ABIS Infor - 2011-12
CICS: from 3270 to service
The Customer Information Control System (CICS) is a transaction manager designed for rapid, high-volume online transaction processing (according to Wikipedia). Originally developed for traditional 3270 terminals, the actual versions of the CICS Transaction Server support a variety of other user interactions, ranging from mobile devices, over web browsers, to service interactions.
CICS was introduced in 1969 as a general purpose transaction manager that greatly reduces the effort to create terminal-oriented programs. It interfaces between user written application programs, all kinds of teleprocessing access methods, and database managers. CICS provides the runtime environment in which these programs execute. It plays a very important role in large application environments. Over 90 percent of Fortune 500 companies rely on CICS.
CICS is great for traditional 3270 screen based applications. It provides all services for a smooth interaction between user screen and program, relying on the Basic Mapping Support (BMS). Handling of screen buffers, function keys, terminal control characters are all supported nicely by CICS, relieving the developer from headaches for controlling the user interaction.
CICS modern fashion
But modern applications are no longer working with terminals. Mobile devices, browsers, or other application servers require a controlled interaction with the existing business functions in CICS. So since 1996, the CICS Transaction Server (CICS TS) added features to enable these new interactions:
- the External CICS Interface (EXCI) opens the way for a non-CICS client program running in MVS to call a CICS program. The calling programs uses pipes to pass Distributed Program Link requests over them.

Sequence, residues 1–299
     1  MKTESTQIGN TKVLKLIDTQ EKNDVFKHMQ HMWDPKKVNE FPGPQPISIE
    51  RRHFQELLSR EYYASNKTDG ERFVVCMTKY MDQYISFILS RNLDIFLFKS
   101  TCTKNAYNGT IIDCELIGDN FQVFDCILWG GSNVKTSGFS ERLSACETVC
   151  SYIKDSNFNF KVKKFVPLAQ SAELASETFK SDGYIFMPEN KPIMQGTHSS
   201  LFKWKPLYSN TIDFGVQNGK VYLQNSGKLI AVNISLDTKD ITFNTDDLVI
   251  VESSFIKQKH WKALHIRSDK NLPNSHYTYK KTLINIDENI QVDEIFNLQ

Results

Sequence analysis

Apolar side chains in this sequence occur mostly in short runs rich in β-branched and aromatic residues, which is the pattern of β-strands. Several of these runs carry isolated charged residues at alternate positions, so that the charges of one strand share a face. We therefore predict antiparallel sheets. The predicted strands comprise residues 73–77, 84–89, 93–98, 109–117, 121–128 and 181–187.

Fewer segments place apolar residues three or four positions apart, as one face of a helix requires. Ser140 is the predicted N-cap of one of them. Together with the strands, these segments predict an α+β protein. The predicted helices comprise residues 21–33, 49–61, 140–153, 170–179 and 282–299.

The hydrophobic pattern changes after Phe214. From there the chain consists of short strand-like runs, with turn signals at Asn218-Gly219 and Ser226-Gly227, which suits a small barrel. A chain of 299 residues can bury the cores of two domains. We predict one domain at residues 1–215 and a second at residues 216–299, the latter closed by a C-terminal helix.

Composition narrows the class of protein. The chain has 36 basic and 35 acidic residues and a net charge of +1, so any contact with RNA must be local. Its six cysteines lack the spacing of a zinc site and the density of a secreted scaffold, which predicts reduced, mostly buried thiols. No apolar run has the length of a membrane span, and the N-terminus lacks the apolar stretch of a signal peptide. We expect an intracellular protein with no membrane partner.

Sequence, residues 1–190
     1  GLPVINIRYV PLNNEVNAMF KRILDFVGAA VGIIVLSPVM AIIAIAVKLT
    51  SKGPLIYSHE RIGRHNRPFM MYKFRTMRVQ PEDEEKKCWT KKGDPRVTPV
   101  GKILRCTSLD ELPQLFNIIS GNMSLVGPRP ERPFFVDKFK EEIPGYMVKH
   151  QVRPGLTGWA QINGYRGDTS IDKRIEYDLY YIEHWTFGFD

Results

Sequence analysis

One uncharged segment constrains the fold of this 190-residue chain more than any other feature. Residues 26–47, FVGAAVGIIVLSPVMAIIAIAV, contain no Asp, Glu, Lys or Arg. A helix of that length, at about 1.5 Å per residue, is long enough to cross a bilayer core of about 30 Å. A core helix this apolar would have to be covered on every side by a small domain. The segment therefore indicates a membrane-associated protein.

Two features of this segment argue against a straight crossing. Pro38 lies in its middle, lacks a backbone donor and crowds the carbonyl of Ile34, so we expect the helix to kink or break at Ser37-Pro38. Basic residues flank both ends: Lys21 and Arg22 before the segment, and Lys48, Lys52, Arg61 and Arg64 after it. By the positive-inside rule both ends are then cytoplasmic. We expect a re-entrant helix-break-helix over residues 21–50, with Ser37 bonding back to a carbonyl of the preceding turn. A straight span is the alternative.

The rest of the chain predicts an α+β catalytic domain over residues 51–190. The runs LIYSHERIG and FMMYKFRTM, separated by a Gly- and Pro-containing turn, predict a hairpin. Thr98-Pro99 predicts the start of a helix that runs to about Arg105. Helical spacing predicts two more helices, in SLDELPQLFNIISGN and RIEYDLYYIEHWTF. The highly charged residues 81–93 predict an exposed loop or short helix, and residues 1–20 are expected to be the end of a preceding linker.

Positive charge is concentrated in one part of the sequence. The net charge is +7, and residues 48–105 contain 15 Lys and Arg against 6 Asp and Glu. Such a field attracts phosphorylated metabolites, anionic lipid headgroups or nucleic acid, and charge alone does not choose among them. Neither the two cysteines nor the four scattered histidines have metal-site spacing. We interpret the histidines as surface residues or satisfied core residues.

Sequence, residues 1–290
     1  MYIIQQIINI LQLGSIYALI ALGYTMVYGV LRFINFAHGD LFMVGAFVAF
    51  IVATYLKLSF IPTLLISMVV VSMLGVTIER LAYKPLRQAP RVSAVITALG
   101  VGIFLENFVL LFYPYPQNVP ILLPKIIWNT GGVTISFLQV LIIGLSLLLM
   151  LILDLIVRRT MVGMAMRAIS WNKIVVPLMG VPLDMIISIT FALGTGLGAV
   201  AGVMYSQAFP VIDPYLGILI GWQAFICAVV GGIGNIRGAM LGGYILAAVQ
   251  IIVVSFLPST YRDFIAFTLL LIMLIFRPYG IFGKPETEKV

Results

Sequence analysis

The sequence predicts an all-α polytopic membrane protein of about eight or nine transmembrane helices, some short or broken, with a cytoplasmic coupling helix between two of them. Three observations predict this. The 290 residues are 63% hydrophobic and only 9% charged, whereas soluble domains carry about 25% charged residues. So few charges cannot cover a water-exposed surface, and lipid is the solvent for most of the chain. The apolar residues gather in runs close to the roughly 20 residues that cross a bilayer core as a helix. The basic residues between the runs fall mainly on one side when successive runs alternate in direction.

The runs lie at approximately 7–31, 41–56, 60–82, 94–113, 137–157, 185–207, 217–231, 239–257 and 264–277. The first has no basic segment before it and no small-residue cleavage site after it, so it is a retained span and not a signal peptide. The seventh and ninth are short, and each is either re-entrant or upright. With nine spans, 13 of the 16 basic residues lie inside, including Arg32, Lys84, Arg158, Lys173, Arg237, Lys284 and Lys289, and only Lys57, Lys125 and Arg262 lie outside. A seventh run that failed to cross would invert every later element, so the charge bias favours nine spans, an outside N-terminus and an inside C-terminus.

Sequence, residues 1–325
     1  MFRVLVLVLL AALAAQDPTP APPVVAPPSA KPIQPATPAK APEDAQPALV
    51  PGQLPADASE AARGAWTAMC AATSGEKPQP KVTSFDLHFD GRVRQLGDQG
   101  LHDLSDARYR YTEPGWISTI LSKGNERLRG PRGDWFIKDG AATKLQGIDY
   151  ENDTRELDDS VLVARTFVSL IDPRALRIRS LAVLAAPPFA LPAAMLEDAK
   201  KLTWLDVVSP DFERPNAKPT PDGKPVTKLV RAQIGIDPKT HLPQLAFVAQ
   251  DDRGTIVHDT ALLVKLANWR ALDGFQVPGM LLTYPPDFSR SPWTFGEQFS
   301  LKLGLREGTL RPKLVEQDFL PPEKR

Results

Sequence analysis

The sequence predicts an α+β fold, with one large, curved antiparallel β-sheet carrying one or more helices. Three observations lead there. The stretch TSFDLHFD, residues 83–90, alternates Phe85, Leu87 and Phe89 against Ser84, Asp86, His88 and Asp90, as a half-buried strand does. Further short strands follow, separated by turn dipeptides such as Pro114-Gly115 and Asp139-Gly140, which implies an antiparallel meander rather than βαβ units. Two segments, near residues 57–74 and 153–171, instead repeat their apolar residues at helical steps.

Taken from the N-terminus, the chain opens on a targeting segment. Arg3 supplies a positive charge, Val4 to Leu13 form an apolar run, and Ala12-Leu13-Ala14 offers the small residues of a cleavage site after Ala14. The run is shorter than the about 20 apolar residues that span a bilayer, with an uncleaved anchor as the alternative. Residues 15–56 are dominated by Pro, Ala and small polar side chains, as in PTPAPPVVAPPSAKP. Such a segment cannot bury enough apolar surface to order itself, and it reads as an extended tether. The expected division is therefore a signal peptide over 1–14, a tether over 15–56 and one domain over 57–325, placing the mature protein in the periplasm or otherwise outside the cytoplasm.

- the Front End Programming Interface (FEPI) is used to simulate the terminals for a CICS (or IMS) program
- the External Presentation Interface (EPI) allows for screen scraping in order to convert the terminal data to a graphical interface
- the CICS Transaction Gateway (CTG) is using the External CICS Interface and the External Call Interface to pass a communication area from a client request to a CICS program
- CICS Web Support provides direct access to CICS programs from the World Wide Web environment.
And last but not least, CICS Web services support makes CICS a core of many SOA implementations. CICS can act now as a service provider and as a service requester. The CICS Web Services Assistant makes it possible to map COMMAREA structures to WSDL and binding files, or vice versa, based on the WS-I basic profile standards. Atom feeds and RESTful interfaces enable existing CICS programs and resources to participate in mashups, Web 2.0 and other situational applications.
After 40 years of history, CICS remains the right platform for reliable transaction processing in the 21st century, even if the good old 3270 terminal is almost faded out.
More info can be found on the IBM CICS family site http://www-01.ibm.com/software/htp/cics/